Bladder Cancer - cancerous tumor in the bladder(organ holding urine) that usually starts from the cells lining the
bladder (transitional cells).
These tumors may be classified based on the way they grow:
- Papillary tumors - wart-like and attached to a stalk
- Nonpapillary tumors - much less common but more invasive with typically worse outcomes
- Squamous cell bladder cancer
Risk of bladder cancer is increased by:
- Cigarette and tobacco smoke
- Alcohol abuse
- Previous cancer, especially cervical cancer
- Chemical exposure at work and environment
Bladder cancers are classified on their aggressiveness and total spread in stage from 0-4
- Stage 0 -- Non-invasive tumors restricted only to bladder lining
- Stage I -- Tumor spreads through the bladder lining, but not to the muscle layer of the bladder
- Stage II -- Tumor spreads into the muscle layer of the bladder
- Stage III -- Tumor spreads into tissues surrounding the bladder
- Stage IV -- Tumor metastasizes to neighboring lymph nodes or to distant sites
Bladder cancer spreads by extending into the nearby organs, including the:
Bladder cancer symptoms can resemble symptoms of many other conditions. They are
- Bloody and red urine
- Painful urination
- Increase in urinary frequency and urgency and incontinence
- Abdominal pain
- Anemia, lethargy and fatigue
- Bone pain or tenderness
- Weight loss
Bladder Cancer Tests and Diagnosis
Tests for bladder cancer include
- Physical examination
- Abdominal CT scan
- Bladder biopsy
- Cystoscopy (examining inside the bladder with a camera)
- Intravenous pyelogram - IVP
- Urine cytology
- Scans for other parts of the body to monitor cancer spread
Bladder Cancer Medical Treatments
Treatment depends on the stage, severity and symptoms of the cancer as well as the condition of the patient.
- Stage 0 or 1 bladder cancer - treatments include surgical removal of tumor with chemotherapy or immunotherapy directly into the bladder.
Patients with stage 0 or 1 bladder cancer can be cured nearly 100% but recurrences occur often and have to be monitored
- Stage 2 or 3 bladder cancer - removal of the entire bladder, followed by chemotherapy and radiation.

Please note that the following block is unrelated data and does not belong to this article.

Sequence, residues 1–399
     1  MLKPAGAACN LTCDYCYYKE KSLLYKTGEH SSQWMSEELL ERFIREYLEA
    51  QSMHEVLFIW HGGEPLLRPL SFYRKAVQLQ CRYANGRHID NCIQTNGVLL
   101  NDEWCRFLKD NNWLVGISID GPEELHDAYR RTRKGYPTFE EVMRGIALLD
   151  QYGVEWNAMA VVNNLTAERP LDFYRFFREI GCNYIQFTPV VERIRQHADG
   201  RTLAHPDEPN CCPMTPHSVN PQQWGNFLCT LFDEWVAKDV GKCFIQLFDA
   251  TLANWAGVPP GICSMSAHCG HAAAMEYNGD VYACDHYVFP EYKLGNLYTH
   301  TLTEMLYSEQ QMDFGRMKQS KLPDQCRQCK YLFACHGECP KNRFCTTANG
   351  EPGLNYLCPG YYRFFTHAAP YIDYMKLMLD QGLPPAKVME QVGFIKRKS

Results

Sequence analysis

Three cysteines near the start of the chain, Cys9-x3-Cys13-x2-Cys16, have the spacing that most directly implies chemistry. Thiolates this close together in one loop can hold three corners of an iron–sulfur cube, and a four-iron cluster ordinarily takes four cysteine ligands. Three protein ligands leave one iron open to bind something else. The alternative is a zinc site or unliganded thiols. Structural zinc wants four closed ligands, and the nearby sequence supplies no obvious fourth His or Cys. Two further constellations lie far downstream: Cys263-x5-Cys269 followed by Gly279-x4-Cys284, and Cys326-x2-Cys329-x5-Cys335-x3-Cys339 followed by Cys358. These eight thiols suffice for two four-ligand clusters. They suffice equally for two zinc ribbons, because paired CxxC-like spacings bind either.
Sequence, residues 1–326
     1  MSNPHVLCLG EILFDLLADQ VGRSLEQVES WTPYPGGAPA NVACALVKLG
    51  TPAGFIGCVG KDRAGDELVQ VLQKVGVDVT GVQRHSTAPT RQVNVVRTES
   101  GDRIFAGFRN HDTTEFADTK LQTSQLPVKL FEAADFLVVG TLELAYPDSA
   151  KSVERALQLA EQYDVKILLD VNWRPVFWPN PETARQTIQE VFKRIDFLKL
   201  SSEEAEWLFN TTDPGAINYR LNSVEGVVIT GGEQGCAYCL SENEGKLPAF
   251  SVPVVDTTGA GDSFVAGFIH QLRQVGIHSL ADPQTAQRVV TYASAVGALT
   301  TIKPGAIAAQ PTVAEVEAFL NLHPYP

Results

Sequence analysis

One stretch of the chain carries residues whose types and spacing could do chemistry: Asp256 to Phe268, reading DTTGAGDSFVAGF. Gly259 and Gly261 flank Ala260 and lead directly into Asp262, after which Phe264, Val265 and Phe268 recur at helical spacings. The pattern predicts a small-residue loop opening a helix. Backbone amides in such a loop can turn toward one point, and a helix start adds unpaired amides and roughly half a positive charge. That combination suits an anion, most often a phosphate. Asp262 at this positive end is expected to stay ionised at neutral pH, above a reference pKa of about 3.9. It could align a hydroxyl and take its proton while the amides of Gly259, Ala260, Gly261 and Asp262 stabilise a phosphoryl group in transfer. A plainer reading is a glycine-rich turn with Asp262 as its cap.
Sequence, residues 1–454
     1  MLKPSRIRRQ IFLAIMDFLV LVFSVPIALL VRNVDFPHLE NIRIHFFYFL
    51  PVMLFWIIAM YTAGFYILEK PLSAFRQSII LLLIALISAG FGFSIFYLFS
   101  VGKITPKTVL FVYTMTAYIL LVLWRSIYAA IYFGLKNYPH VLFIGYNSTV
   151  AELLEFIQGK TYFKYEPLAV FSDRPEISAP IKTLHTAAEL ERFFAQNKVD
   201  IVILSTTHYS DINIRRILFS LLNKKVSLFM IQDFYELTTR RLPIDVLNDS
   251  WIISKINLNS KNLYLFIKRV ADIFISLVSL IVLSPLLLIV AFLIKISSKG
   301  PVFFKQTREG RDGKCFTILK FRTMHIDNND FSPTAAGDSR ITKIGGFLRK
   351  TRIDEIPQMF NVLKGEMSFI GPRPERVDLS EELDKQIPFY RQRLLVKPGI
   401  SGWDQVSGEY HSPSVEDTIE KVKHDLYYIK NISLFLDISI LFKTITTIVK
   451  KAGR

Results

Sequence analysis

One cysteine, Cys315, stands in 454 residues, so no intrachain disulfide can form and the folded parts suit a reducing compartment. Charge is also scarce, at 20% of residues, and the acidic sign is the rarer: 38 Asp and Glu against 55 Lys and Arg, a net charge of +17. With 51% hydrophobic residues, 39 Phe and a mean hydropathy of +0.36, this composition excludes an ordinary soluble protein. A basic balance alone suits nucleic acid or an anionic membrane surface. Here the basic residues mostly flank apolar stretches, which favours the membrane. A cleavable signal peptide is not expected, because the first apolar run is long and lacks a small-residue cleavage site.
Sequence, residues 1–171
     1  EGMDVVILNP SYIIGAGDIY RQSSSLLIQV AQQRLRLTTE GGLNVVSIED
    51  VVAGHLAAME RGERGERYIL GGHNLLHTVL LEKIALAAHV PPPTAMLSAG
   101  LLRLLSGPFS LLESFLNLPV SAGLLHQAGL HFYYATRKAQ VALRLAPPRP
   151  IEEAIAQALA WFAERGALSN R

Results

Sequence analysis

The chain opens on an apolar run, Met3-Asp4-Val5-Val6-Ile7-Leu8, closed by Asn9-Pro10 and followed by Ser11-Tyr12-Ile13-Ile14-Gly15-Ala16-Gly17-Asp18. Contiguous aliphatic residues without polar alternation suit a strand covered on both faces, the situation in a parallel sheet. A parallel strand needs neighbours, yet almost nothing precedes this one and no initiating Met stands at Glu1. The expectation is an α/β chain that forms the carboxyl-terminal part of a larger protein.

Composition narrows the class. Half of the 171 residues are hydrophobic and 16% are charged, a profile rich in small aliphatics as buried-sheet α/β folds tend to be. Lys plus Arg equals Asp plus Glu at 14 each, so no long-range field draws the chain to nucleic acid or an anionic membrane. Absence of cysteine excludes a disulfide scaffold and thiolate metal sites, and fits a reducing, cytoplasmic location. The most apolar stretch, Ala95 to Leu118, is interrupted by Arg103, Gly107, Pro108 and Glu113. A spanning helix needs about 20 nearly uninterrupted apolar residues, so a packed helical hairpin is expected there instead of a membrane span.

Survival rates for people with stage III tumors are less than 50%
- Stage 4 tumors - cannot be cured by surgery because removing the bladder will not cure the other parts of the body to which the cancer has
spread. In stage 4 patients, chemotherapy, radiation and optimal diet may be the only option, although stage 4 patients rarely survive
Chometherapy - drugs that kill healthy and tumor cells
Immunotherapy - medication that causes the immune system to attack and kill the tumor cells.
Immunotherapy for bladder cancer is usually performed using the Bacille Calmette-Guerin vaccine (commonly known as BCG).
Transurethal resection of the bladder (TURB) - surgical procedure performed under general or spinal anesthesia used to treat
stage 0 or I bladder cancer where a cutting instrument is inserted through the urethra to remove the bladder tumor.
Bladder Removal (radical cystectomy) - patients with stage II or III bladder cancer may need to have their bladder removed.
Patients who have the entire bladder removed will receive chemotherapy after surgery to decrease the risk of the cancer coming back.
Radical cystectomy (men) - typically the removing of the bladder, prostate, and seminal vesicles.
Radical cystectomy (women) - typically the removal of the bladder, urethra, uterus, and the front wall of the vagina.
Urinary diversion surgery - surgical procedure to create an alternate method for urine storage.
Ilean Conduit - surgically created urine reservoir that drains urine from the kidneys.
Contintnt Urinary Reservoir - an alternate method of storing urine in an internal pouch.
Orthopedic Neobladder - surgery where a segment of bowel is folded over to make a pouch (a neobladder) that is attached to the place
in the urethra where the urine normally empties from the bladder.